Thorough Investigation Vital After Soldier Training Exercise Tragedy

Military Expert Calls For Lessons To Be Learnt


Oliver Wicks, Press Officer | 0114 274 4649

Military specialists at national law firm Irwin Mitchell say that a thorough investigation must be a priority so lessons can be learnt to prevent a repeat of the tragic death of a soldier who was shot dead during a live firing exercise in Northumberland.

The male soldier, serving with the Royal Regiment of Scotland, died in Otterburn on Monday after sustaining a "serious head wound".

A spokesman for the Ministry of Defence confirmed that the Defence Safety Authority is investigating the incident and there are currently no details on whether any other personnel were involved.

The latest statistics show that 135 UK armed forces personnel died while on training or exercise from January 2000 to 20 February 2016 and eleven of those deaths occurred during a live fire exercise.

The training area in Northumberland has been used for military training since 1911 and is the second largest live firing range in the country.

Simon Harrington, an expert in the military injuries team at Irwin Mitchell, says the number of potentially avoidable training incidents that have occurred in recent years is a worry.

Expert Opinion
“Our thoughts are with the soldier’s family and friends who will no doubt be devastated by his death. Through the work we do, we’ve seen the impact on families who are shocked by an unexpected death in training and they will need support to help them through this difficult time.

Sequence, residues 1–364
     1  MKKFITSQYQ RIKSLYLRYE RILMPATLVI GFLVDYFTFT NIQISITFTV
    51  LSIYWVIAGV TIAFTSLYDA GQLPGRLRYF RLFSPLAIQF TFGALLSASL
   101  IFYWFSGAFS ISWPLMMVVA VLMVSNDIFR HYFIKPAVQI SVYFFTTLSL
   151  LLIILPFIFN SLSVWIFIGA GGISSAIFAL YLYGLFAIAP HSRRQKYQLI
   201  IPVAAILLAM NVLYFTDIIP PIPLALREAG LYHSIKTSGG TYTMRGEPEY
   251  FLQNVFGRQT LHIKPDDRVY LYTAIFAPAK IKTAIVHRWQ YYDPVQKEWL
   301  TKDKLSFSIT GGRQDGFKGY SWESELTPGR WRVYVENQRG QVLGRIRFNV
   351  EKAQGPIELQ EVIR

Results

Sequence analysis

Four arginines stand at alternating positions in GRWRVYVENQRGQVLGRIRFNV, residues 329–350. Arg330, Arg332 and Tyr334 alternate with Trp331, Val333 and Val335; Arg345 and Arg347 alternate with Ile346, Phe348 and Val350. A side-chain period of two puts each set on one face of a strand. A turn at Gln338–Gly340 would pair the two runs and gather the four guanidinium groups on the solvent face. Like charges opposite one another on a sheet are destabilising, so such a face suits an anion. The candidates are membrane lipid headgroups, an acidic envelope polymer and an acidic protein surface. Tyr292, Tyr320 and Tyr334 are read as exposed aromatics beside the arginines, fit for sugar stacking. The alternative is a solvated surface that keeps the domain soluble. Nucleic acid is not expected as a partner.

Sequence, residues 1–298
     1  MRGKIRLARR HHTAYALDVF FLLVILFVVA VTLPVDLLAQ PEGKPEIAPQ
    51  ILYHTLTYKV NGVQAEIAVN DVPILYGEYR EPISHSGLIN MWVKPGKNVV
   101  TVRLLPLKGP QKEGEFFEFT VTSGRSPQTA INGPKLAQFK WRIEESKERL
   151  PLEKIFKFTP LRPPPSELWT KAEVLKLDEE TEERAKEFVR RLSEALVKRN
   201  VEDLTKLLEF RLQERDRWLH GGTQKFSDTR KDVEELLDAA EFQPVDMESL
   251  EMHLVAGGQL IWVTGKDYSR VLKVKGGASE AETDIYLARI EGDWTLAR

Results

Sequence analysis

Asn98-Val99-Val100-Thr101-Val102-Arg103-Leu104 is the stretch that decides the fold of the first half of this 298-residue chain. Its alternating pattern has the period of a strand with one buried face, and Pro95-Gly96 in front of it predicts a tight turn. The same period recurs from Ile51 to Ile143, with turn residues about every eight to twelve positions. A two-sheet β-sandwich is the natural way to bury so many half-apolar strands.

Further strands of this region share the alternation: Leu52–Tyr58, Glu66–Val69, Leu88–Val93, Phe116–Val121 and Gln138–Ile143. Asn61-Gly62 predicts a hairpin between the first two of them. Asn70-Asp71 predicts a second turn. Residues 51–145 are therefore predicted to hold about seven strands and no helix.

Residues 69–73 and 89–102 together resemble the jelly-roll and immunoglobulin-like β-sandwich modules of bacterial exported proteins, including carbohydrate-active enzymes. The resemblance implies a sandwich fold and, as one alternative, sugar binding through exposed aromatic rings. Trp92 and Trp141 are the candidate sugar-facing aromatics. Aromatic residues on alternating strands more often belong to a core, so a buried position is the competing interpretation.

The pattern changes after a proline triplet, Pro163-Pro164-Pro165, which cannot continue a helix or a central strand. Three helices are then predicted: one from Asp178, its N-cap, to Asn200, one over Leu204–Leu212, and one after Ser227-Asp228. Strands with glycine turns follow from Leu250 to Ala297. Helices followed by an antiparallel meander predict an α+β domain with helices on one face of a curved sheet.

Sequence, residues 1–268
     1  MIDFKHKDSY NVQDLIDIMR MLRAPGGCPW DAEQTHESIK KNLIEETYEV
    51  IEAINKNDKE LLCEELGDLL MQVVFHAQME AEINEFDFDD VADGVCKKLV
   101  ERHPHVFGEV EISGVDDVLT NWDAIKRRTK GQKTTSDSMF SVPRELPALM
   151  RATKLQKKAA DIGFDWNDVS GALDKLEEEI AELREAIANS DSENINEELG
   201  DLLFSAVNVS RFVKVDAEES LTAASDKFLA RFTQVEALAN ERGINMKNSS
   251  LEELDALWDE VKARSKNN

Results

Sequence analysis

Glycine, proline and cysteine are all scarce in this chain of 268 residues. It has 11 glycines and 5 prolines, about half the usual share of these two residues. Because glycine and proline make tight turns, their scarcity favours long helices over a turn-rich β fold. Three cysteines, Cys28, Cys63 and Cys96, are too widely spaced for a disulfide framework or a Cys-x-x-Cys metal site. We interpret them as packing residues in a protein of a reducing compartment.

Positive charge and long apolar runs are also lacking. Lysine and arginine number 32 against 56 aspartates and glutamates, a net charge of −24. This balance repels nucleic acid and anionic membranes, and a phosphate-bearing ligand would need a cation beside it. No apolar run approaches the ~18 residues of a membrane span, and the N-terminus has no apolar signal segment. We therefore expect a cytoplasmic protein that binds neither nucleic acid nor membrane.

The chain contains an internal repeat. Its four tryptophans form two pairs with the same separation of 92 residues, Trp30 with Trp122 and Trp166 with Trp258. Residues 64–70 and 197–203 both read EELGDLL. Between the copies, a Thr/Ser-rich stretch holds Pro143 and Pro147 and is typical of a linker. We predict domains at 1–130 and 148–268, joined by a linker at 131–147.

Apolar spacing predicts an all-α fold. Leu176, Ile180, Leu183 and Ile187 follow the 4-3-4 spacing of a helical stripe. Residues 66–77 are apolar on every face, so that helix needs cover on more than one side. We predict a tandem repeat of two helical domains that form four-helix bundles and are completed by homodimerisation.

“As well as supporting the soldier’s family, the priority for the MoD has to be a thorough investigation that reports back the findings urgently to give the family answers and identify any potential lessons to reduce the risk of a tragedy like this happening again.

“Unfortunately as the figures show this is far from the first time soldiers have died in training with some of these tragic incidents occurring before they’ve even had a chance to serve their country in active combat.

“Our servicemen and women know that compared to most other day to day jobs there is an increased risk of danger when they sign up, but we have seen first-hand that many serious injuries in training could be prevented with better risk assessments and precautions.

“Obviously military training needs to be realistic to prepare our troops for war, but it is important that there is adequate protection for soldiers to prevent tragic incidents from happening.”
Simon Harrington, Partner